He just won’t learn any of it in A-ball. If the Orioles want to keep his workload down and bring him along slowly, that’s their call, but based on ability and readiness for the challenge, he probably should get promoted to Double-A tomorrow. As long as he’s in either Delmarva or even Frederick, he’s just going to be a man amongst boys.

Maybe the Orioles know he needed a confidence boost to start the year. Maybe they just wanted to try and slow down the hype machine by stashing him far enough away from the Majors that they won’t have to consider calling him up if he succeeds. Maybe a lot of things. But after three innings tonight, I’m fairly confident that Bundy’s time in Delmarva is going to be short lived. He’s supposed to take the hill in Greensboro next week – and if he does, I may very well head out there for an encore – but I’m not sure he needs to make another start in this league.

He just doesn’t belong there. The Orioles can put him on whatever path to the Majors they choose, but the reality might just be that he’s going to force them to move him far quicker than anyone had imagined.



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Dave is the Managing Editor of FanGraphs.


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Kirsh
Member
Kirsh
4 years 2 months ago

Excuse my total lack of realism and utter overestimation, but I bet Bundy could hit on days he doesn’t pitch and post a higher WAR than Andino, Reynolds and Chris Davis. He’s gifted.

Even if not, it sounds like he’s going to be some unique kind of force.

max
Member
max
4 years 2 months ago

Waait. He hasn’t allowed a single hitter to reach base?

Also, wow. That is a glowing report if I have ever seen one. Where do you rank him among the other pitching prospects? How about in terms of pure upside?

njd.aitken
Member
njd.aitken
4 years 2 months ago

Six innings.

dbake005
Member
dbake005
4 years 2 months ago

In terms of upside, he is as good as any pitching prospect in baseball. Utter ace is his upside.
Hard to say what he will be based on two starts where they didn’t even let him unleash everything, but he simply wasn’t giving up a hit to that lineup. Just wasn’t gonna happen. He looked bored and unsurprised by every at bat.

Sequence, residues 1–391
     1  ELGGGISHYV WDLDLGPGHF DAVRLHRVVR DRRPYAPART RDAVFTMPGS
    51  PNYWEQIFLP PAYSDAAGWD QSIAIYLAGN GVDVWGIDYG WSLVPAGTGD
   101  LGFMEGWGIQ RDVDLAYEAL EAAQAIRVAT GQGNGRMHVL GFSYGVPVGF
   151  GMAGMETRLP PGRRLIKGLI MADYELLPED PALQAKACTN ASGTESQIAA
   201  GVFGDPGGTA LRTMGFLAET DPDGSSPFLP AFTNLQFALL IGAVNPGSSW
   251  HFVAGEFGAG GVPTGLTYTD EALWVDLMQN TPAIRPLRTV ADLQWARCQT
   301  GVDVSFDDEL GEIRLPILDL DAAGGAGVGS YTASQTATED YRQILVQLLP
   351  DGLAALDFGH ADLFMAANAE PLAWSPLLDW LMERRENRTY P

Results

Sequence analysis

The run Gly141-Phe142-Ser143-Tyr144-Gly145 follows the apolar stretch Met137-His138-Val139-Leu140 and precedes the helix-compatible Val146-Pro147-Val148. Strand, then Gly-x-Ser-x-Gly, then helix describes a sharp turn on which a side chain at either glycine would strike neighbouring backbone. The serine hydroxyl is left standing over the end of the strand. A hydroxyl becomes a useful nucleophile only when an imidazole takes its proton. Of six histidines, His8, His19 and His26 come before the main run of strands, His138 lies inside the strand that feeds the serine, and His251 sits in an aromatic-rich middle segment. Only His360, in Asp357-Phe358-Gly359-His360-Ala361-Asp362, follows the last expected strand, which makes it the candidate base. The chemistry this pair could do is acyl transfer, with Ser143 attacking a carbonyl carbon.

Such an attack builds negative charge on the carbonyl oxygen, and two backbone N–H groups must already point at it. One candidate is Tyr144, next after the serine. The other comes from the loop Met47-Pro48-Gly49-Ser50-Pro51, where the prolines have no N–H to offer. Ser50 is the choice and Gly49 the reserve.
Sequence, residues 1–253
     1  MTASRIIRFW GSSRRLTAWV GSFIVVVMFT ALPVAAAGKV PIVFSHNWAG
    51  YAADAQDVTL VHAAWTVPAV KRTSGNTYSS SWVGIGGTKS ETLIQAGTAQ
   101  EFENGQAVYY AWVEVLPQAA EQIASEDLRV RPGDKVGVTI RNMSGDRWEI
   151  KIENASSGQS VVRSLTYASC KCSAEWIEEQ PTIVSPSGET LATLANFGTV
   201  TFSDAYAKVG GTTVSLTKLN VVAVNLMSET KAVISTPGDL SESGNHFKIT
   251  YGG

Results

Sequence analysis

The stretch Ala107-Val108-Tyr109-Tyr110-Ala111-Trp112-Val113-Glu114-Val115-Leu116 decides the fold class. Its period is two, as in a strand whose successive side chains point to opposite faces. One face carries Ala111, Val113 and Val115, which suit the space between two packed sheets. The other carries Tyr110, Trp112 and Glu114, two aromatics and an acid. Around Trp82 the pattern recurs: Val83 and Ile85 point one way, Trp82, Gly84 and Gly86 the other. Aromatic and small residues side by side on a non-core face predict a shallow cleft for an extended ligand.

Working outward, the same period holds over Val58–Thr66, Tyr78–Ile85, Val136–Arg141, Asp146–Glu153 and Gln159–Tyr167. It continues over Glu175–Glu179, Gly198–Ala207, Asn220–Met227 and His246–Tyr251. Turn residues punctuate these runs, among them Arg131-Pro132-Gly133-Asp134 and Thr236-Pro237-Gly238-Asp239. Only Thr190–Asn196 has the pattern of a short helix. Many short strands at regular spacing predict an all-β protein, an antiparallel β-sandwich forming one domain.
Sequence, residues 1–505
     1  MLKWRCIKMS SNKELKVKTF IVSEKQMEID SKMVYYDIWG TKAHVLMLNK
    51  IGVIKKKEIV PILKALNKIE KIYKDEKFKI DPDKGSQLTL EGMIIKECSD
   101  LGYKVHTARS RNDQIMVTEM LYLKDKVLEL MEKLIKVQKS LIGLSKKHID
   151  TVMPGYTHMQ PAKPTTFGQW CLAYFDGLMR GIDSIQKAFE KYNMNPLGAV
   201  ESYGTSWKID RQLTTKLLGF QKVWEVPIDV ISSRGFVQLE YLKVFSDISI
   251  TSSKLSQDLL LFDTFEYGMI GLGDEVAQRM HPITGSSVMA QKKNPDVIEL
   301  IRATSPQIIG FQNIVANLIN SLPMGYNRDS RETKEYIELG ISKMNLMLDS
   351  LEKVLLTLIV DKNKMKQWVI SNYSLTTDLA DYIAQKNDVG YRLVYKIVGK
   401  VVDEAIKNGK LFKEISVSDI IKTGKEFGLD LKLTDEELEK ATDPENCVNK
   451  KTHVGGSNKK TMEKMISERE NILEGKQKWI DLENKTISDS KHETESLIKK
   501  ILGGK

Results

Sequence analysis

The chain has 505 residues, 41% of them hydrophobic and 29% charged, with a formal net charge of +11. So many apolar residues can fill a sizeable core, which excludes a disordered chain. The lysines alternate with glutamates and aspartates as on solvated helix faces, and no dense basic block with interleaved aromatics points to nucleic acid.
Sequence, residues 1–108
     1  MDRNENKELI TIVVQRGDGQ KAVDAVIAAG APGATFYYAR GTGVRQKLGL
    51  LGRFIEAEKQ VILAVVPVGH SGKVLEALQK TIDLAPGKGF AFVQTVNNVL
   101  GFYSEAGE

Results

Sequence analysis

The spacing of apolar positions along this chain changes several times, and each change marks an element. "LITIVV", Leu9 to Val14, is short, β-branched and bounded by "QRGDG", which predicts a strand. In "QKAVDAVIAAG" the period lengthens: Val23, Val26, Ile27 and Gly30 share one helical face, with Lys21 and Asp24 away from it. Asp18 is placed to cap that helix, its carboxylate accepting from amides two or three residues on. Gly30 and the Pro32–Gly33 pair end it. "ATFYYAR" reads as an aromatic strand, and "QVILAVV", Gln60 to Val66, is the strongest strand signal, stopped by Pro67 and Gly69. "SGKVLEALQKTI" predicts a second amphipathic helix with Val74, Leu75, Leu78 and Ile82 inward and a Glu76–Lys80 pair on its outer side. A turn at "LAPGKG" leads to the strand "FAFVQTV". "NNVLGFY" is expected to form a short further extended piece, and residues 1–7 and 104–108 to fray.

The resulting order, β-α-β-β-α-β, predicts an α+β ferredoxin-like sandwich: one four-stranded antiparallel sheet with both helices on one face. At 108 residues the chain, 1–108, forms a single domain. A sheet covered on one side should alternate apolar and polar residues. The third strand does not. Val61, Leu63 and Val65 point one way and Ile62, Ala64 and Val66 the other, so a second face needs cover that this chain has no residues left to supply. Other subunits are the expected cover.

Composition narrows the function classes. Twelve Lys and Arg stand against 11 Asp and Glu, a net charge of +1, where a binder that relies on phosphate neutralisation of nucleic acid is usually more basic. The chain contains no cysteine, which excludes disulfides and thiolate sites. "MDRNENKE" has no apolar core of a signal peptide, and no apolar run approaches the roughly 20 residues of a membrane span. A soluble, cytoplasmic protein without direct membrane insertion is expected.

He’s really. really. really good. It can’t be overstated at this point. I am excited to see him at a higher level, where he should be soon.

Os Fan
Guest
Os Fan
4 years 2 months ago

That’s 6IP, all perfect, with 12 Ks. Please and thank you.

Jim F.
Guest
Jim F.
4 years 2 months ago

When is Bundy scheduled to make his start in Greensboro? I might have to travel over there and catch it myself.

Bill
Guest
Bill
4 years 2 months ago

Probably never. He will be promoted to Frederick in High-A by the end of the month at the latest.

Trey Baughn
Member
Member
Trey Baughn
4 years 2 months ago

Only 6 innings, but are we talking about Strasburg-esque type “stuff” here?

Kyle H
Member
Kyle H
4 years 2 months ago

I think its different as Strasburg was a college draftee, Bundy is only 19.

jim
Guest
jim
4 years 2 months ago

his FIP is currently negative

MustBunique
Member
Member
4 years 2 months ago

That’s awesome.

CircleChange11
Guest
CircleChange11
4 years 2 months ago

Since his ERA (0.00) is greater than his FIP, you’re saying that he’s been unlucky?

Sammy
Guest
Sammy
4 years 2 months ago

Dusty Harvard is a hell of a name.

Just not a baseball name.

More of a high end courtesan name.

jaybow
Guest
jaybow
4 years 2 months ago

I was just about to post the same thing. Awesome name.

Balthazar
Guest
Balthazar
4 years 2 months ago